Klaassen blends Hatchet and The Lord of the Flies in this hair-raising, fast-paced adventure. Like those books, this novel reads like a book from another era: its anti-addiction moralizing is reminiscent of 1971’s Go Ask Alice. Narrative voice often reveals the gap in age between its author and protagonist, as when the teenage Bodie bemoans the fact that he’s stuck in the wilderness with “a bunch of young punks.” Some internal inconsistencies will trip readers up; after ongoing negative feelings toward the other characters, at the end he thinks they “didn’t seem so bad after all,” and despite Bodie’s seemingly high level of knowledge about wilderness survival, he’s afraid bats will suck his blood. And, though this is listed as a YA novel, some readers may be uncomfortable with the graphic depictions of death, murder, drug use, and hate speech.
While some newcomers to the natural disaster genre may be bewildered by the randomness and frequency of their occurrence, the novel’s emphasis on earthquakes and their fallout is sure to please disaster-movie aficionados and thriller fans alike. Part survival story, part cautionary tale, Klaassen’s short epic has plenty of twists and turns to satisfy young adult readers. Fans of coming-of-age survival novels will find much to enjoy here.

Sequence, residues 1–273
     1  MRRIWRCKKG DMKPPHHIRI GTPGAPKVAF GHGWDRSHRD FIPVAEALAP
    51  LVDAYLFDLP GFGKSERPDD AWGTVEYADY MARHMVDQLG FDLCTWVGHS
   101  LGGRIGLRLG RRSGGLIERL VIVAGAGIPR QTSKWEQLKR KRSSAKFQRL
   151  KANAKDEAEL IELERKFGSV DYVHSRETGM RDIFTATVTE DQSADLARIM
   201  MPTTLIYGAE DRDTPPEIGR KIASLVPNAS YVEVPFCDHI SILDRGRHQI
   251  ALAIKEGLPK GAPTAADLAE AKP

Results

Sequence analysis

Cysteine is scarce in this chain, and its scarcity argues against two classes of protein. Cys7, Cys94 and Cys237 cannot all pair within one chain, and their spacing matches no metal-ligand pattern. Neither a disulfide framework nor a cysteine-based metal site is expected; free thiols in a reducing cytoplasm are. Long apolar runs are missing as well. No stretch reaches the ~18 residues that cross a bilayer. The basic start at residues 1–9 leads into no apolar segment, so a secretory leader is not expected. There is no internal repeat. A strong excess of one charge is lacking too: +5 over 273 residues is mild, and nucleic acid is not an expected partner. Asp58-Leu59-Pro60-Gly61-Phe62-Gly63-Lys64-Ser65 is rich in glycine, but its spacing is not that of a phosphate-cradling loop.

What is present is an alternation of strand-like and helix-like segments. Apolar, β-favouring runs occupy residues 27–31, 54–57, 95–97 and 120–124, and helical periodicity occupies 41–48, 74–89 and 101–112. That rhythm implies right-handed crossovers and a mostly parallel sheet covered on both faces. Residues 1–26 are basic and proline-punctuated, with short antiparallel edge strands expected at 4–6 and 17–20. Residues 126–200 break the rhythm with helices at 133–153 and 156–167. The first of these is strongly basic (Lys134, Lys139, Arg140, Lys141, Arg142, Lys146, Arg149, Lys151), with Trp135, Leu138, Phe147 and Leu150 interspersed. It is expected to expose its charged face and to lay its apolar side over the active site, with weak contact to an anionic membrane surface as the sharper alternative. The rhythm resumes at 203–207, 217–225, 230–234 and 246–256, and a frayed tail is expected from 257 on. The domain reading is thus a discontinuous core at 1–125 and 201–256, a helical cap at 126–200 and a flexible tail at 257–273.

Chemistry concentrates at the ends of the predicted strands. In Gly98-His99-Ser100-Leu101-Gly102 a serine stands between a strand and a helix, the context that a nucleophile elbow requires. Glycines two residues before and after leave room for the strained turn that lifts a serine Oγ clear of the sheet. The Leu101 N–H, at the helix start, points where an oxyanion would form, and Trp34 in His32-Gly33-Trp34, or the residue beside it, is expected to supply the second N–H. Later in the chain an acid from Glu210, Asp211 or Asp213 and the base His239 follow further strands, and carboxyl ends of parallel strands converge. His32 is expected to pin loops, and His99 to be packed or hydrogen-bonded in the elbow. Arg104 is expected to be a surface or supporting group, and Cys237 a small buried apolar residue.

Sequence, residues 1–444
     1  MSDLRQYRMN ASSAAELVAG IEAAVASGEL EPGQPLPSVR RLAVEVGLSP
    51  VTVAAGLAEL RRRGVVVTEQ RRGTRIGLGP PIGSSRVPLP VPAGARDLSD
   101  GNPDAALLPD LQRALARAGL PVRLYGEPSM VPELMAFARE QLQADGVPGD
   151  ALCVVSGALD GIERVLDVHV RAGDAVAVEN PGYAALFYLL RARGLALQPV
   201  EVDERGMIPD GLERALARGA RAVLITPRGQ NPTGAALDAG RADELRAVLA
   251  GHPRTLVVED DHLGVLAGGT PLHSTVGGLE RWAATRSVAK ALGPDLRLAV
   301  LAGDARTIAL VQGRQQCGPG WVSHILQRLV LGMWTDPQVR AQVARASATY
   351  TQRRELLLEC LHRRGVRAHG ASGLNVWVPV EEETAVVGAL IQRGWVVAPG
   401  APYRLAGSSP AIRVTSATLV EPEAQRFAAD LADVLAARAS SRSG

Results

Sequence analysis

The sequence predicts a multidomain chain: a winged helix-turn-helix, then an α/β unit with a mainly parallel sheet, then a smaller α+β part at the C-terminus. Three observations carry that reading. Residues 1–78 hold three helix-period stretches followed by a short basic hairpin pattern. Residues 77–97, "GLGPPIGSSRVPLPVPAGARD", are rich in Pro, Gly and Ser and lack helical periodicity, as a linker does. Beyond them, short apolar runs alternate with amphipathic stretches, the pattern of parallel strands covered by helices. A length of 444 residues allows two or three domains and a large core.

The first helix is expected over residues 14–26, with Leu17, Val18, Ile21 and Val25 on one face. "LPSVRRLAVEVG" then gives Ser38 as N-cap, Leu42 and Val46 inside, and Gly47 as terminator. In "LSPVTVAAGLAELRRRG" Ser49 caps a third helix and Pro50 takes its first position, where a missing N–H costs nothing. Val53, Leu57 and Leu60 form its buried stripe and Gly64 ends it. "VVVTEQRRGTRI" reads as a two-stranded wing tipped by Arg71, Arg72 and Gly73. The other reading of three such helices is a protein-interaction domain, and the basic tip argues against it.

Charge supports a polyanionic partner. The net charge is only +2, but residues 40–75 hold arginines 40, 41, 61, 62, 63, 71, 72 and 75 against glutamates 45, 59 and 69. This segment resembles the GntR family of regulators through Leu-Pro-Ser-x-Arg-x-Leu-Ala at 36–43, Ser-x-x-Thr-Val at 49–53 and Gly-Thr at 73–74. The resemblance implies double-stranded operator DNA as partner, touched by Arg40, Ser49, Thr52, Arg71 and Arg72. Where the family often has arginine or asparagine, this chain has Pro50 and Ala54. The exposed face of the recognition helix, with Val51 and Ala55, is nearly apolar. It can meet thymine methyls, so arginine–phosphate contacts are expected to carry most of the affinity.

Takeaway: Earthquakes and perilous adventures abound in this high-stakes teen survival novel.
Great for fans of: Gary Paulsen’s Hatchet, Larry Spinelli’s The Library Card.
Design and typography: A-
Marketing copy: B-